“Yet I’m aware that the best traditions spring forth spontaneously.” — *some* traditions come about spontaneously, but really, we have the power to introduce traditions when our children are very young just by repeating the same activity each year or each season (or each week…). when they get older, they can request to do something again — and a new tradition is formed. but when they’re little, it’s really our choices that form the foundation of the family traditions. it’s funny how something can become a tradition without our meaning it to — we just repeated it and then the kids would never let us stop. ;o)
it’s wonderful that we can create the experiences for our children that we might have longed for ourselves. we can become that big, happy family we always wanted. 🙂
Thanks, Lori! You are definitely right ~ introducing traditions when children are young can work. But I do think that by providing children with creative and varied experiences is how the “traditions” will spring forth spontaneously. My son isn’t going to let me forget to carve a pumpkin every Halloween, for example! But I have many ideas that I think will make good traditions, but they just don’t stick. I can either get all anxious about it, or I can go with the flow and think about all the things we do that are traditions, which I may not have even planned in the first place!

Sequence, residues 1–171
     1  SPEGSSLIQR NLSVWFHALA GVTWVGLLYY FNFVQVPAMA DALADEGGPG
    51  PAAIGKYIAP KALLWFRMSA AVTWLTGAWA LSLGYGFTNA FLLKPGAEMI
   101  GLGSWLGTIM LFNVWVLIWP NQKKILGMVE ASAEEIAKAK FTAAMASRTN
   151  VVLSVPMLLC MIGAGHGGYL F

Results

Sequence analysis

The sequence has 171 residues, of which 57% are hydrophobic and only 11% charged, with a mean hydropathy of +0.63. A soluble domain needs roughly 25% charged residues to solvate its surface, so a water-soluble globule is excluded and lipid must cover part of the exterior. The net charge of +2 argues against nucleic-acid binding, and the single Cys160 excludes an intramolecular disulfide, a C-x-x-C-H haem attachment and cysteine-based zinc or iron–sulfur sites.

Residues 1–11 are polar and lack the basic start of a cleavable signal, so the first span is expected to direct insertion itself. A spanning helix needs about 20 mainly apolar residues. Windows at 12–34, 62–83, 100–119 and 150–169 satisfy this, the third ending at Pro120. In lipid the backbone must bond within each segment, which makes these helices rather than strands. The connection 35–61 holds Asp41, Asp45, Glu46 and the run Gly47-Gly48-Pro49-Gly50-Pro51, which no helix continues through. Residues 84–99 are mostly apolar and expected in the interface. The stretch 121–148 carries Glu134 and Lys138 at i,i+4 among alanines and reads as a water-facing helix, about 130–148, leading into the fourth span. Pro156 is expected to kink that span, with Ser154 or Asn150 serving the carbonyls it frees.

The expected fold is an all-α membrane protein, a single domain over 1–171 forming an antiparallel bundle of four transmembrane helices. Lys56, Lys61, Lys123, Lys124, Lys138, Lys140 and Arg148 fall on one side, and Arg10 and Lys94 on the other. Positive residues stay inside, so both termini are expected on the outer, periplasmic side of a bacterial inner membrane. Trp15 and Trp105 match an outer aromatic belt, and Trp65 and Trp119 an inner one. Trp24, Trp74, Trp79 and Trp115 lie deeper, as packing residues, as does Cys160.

What a lovely post!!! So honest, and heartfelt. I am the author of The Book of New Family Traditions, and it made me feel good to read that the book helped give you some ideas and reinforce things that were already burbling up. I just wanted to leave the note that I recently published a brand new edition of the book, with tons more ideas and examples from families. If you would like to see it and review it, I would be happy to send you a copy. Meanwhile, keep up the good work!!!
That’s so kind of you, Meg. I would love to see your new book.